By Art Martone
We'll understand if you were a little confused watching the Patriots and Bills Sunday afternoon.
Game summary, scoring and statistics
That team in white? The team that blew a 21-point lead? The team whose quarterback threw four interceptions? The team that committed eight penalties, including two that were the key plays in a game-tying, 95-yard drive?
Yeah, that was the Patriots.
And the team in blue? The team that scored 17 points in the final quarter? The team that made the key plays on defense, took advantage of its opportunities on offense, and worked the clock expertly in the final two minutes to set up Rian Lindell's game-winning, 28-yard field goal on the final play of the game?
Yeah, that was the Bills.
After eight years and 15 straight New England victories, the roles were reversed Sunday at Ralph Wilson Stadium. The Bills looked like the veteran championship contenders and the Patriots looked like the inexperienced, rattled befuddled pretenders in Buffalo's 34-31 victory.
"Obviously, that's not the way we want to play," said Patriots coach Bill Belichick. "We got to do better."
"It's tough to overcome as many mistakes as we made," said Tom Brady.
As bad as the game became for the Patriots after a sterling quarter-and-a-half -- New England scored touchdowns on three of its first five possessions in building its 21-point lead -- the fourth quarter had the Twitter universe comparing the Pats to the free-falling Red Sox:
The Pats had a 24-17 lead early in the quarter and seemed to be easily driving for an insurance touchdown when Brady tried to force a throw over the middle to Rob Gronkowski and was intercepted by George Wilson at the 2-yard line.
The Bills took over on their 5 and Ryan Fitzpatrick's first pass was incomplete. But Kyle Love was called for roughing the passer -- the first of two crucial New England penalties during the drive -- and the ball went out to the 20. A 48-yard pass to Donald Jones moved it to the New England 32, and then Fitzpatrick, going for it all, badly underthrew a pass into the end zone for Jones. It was easily intercepted by Josh Barrett . . . but Sergio Brown was (legitimately) nailed for an utterly inexcusable pass-interference penalty against Jones, who had no shot to catch the ball. Instead of giving up possession, Buffalo got the ball on New England 1 and Fred Jackson punched it in on the next play, tying the score at 24-24.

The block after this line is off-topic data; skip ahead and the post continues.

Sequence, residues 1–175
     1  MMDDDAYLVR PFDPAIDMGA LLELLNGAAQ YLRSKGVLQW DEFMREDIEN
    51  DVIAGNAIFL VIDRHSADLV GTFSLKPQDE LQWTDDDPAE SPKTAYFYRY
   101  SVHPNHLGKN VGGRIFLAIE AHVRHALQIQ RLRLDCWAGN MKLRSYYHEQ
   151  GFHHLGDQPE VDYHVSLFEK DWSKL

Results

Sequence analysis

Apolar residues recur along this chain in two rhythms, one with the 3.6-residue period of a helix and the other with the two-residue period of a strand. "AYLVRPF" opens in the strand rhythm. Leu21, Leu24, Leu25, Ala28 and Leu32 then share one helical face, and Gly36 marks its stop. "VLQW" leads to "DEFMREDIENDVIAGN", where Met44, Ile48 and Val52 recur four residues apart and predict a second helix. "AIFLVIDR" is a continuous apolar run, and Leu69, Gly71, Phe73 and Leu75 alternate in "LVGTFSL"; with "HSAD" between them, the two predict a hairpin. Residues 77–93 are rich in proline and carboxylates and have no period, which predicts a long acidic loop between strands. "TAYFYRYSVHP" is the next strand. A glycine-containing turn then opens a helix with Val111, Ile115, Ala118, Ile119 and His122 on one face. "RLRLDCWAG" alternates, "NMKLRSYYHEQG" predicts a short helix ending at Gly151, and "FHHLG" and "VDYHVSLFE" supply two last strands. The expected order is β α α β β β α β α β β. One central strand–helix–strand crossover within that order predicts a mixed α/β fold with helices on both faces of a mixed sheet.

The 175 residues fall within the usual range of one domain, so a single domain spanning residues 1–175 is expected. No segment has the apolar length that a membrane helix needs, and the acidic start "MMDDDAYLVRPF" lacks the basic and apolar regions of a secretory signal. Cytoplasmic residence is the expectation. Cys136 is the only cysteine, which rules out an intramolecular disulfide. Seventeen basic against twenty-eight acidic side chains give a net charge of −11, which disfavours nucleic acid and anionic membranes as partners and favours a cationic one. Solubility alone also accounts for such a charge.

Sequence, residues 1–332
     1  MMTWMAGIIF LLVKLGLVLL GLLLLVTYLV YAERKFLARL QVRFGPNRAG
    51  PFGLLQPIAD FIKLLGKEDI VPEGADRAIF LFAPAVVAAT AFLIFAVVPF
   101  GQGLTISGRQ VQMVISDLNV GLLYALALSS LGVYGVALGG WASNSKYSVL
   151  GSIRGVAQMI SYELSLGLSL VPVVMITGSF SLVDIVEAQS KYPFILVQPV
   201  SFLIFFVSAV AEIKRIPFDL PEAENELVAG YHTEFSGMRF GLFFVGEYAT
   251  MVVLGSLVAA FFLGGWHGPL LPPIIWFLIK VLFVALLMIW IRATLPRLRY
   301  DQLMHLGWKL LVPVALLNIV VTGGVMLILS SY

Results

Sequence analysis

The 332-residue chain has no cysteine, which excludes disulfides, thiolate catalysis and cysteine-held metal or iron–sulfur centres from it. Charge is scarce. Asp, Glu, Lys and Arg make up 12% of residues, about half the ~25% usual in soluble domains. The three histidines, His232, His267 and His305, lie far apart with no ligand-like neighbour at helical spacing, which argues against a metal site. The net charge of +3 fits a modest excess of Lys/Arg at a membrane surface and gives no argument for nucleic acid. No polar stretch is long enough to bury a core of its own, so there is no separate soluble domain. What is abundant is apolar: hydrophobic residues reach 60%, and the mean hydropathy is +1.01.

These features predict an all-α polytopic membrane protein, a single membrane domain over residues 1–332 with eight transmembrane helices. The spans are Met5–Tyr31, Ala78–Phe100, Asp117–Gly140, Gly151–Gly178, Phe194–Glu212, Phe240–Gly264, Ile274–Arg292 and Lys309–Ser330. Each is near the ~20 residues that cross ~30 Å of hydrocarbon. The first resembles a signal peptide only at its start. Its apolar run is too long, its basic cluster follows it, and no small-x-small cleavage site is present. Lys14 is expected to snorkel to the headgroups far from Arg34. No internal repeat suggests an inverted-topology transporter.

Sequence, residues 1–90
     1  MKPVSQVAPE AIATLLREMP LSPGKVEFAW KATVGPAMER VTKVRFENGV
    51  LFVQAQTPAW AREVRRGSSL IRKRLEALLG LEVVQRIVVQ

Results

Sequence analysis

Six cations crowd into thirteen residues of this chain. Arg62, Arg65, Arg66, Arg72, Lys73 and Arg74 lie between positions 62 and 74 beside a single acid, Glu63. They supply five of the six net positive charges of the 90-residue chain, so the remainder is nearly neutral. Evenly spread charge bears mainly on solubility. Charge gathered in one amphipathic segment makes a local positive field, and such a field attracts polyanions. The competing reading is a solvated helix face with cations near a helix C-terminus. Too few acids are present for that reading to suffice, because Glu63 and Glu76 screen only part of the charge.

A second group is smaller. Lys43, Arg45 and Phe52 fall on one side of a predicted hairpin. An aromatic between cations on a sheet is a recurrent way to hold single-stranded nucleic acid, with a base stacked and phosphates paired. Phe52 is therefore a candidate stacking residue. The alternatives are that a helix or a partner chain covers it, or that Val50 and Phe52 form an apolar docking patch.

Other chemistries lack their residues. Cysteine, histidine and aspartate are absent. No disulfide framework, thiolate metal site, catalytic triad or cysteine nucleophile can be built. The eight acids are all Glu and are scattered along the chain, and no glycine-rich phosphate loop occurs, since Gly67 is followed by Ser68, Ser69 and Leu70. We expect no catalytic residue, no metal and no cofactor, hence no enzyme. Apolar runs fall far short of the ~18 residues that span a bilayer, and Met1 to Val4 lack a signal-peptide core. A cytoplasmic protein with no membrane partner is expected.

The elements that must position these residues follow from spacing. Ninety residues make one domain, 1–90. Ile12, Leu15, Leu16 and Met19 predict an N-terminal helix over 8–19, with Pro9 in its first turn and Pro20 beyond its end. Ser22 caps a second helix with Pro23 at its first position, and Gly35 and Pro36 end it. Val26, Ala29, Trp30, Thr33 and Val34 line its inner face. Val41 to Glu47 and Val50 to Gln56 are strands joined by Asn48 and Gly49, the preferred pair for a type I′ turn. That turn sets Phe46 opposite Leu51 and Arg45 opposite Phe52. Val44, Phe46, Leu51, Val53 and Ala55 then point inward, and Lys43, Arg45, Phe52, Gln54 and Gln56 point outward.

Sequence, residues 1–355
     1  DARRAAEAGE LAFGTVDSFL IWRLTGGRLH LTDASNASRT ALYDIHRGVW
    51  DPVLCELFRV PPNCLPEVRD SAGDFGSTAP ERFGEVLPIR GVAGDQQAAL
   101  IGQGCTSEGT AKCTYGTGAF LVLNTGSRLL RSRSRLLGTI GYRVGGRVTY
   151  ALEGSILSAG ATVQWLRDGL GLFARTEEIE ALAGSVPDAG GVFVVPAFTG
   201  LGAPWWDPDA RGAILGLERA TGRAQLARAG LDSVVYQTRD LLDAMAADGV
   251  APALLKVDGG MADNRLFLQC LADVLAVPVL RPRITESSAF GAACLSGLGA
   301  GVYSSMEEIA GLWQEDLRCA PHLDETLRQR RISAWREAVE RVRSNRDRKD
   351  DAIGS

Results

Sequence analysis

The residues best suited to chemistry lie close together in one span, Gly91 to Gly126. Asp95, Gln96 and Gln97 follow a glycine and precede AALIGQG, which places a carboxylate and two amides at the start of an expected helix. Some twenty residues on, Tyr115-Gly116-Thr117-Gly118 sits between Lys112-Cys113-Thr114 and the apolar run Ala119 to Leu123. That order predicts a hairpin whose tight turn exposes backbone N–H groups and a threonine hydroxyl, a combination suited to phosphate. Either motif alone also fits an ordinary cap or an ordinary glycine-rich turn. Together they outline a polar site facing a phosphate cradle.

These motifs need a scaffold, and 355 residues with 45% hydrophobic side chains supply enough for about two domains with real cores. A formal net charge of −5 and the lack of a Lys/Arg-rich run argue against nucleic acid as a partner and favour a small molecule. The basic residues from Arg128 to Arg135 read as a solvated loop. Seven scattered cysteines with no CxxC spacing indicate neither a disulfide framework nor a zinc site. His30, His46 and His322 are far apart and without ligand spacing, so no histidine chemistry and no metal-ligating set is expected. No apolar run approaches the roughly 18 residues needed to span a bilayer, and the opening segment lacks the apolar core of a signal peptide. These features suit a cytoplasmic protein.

On the first play of the next series, a Brady pass for Julian Edelman caromed off the helmet of a Bills lineman and into the arms of Buffalo cornerback Drayton Florence. He returned it 27 yards for a touchdown, giving Buffalo a 31-24 lead.
The Patriots tied it with a 15-play, 71-yard drive that ended on a fourth-down, six-yard touchdown pass from Brady to Wes Welker, who set a single-game franchise record with 217 receiving yards on 16 receptions. But the Pats could have scored 11 plays earlier -- and left enough time on the clock to have gotten the ball back after Buffalo's next touchdown -- when Chad Ochocinco, who'd gotten behind his defender, had a perfectly thrown pass from Brady sail through his hands at the 1. Instead of a 41-yard touchdown, it was an incompletion.